Google‘s (Alphabet) subsidiary Waymo and Daimler are to work together to deploy autonomous drive technology on freight trucks.

Their initial effort will combine Waymo’s automated driver technology with a unique version of Daimler’s Freightliner Cascadia, to enable autonomous driving. The autonomous Freightliner Cascadia truck, equipped with the Waymo Driver, will be available to customers in the US in the coming years, Daimler said. Waymo and Daimler Trucks will also investigate expansion to other markets and brands in the near future.

The Freightliner chassis will enable the integration of the Waymo Driver technology with its proprietary hardware. Somewhat helpfully, Daimler also has its own self-driving subsidiary – Torc Robotics – that is working on integrating its technology into the Freightliner Cascadia truck line. Torc is evaluating systems aimed specifically at long-distance interstate hub-to-hub applications.

Daimler and Waymo, with their complementary strengths, are well-placed to work together.

The collaborative move between these two companies also points to a big opportunity ahead to automate the driving of heavy freight trucks.

This particular opportunity may now be a higher priority for autonomous vehicle (AV) technology specialists eyeing uncertain prospects for driverless ride-hail applications in the wake of the COVID-19 pandemic which has seen a big slump in ride-hail user numbers.

Uber, for example, painted a bleak picture with its second quarter 2020 earnings, reporting a 35% year-on-year reduction in the number of bookings on its platform. This pivot to a sudden, dramatic decline reflects the sheer speed with which COVID-19 has upended the ride-hailing industries.

In the longer term, demand for ride-hailing and car sharing is unlikely to reach its pre-COVID targets due to structural changes in working patterns and a big switch to remote and home working – some of which will be permanent.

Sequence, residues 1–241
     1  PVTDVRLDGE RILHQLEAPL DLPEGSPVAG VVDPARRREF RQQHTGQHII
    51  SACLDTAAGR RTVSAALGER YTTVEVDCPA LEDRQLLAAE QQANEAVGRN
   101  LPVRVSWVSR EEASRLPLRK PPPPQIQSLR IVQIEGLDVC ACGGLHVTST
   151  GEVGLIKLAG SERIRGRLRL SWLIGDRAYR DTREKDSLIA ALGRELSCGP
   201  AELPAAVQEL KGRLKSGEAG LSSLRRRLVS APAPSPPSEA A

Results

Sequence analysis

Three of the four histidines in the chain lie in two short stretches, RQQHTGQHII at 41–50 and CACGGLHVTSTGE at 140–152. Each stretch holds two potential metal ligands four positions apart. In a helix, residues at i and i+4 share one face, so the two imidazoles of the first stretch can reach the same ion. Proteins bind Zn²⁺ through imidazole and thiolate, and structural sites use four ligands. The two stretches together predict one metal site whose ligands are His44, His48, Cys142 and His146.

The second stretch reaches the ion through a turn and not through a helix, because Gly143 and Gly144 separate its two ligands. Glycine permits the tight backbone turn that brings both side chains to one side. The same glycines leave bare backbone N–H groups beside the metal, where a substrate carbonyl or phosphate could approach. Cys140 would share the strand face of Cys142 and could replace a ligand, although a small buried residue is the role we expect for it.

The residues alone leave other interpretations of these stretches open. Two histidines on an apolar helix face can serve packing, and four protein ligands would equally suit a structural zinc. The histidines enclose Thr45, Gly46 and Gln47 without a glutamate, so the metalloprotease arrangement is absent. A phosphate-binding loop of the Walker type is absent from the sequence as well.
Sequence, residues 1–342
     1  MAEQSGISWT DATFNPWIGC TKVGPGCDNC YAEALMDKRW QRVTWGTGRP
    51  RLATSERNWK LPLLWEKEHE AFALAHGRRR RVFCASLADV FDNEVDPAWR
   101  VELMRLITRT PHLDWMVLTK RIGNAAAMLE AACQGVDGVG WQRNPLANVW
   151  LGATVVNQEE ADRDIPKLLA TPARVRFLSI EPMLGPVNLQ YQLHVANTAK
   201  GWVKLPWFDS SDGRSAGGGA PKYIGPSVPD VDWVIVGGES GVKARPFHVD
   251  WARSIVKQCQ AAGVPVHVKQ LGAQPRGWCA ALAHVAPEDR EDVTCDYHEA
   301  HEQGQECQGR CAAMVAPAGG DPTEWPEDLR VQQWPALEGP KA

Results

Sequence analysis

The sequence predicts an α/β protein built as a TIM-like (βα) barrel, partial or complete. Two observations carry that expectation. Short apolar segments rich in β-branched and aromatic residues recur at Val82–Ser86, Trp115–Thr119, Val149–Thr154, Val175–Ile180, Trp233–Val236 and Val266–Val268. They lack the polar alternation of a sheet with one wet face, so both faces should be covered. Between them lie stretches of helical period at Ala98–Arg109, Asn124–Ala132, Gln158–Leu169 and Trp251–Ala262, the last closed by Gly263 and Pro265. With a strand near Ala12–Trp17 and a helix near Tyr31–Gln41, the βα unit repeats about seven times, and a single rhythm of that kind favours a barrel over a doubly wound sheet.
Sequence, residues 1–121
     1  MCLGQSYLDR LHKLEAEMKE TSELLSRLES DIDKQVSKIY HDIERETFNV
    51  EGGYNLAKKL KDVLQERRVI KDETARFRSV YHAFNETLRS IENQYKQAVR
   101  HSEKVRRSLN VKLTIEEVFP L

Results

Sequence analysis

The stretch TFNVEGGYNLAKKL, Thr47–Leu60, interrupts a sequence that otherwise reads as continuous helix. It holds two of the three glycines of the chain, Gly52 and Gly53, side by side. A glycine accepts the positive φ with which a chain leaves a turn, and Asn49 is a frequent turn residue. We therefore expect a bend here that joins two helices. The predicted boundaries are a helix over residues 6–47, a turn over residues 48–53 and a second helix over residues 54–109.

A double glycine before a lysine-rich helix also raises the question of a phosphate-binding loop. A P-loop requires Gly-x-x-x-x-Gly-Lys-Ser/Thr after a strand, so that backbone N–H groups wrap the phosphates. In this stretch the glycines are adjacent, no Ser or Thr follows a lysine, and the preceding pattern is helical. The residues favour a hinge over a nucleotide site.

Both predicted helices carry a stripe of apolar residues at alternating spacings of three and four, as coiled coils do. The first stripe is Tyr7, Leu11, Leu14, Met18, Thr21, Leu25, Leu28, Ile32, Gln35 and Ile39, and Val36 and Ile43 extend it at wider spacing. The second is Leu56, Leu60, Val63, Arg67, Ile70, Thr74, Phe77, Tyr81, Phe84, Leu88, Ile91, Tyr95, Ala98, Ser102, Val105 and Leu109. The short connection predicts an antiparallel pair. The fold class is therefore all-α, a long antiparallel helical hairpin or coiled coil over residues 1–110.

Freight trucks offer another significant outlet and application for automated drive technologies.

Freight trucks offer another significant outlet and application for automated drive technologies.

The potential benefits for transport and haulier providers in the form of business efficiency benefits are considerable. Daimler and Waymo are not alone in exploring heavy-duty freight applications for this tech. Self-driving truck technology developer TuSimple is working with Traton and Navistar on Level 4 autonomous trucks for Europe and North America, hoping to get a semi-trailer product ready for market by 2024.

Furthermore, there are societal benefits in the shape of reduced accidents – driver fatigue being a major cause of long-distance haulage accidents – and lower harmful tailpipe emissions from the more efficient operation of large truck fleets.

For both Daimler and Waymo, there are considerable potential benefits in this cooperation, not least for Waymo in exploring Waymo Driver applications beyond passenger cars. Both parties should also gain considerable learnings as the autonomous drive ecosystem develops further over the next five years.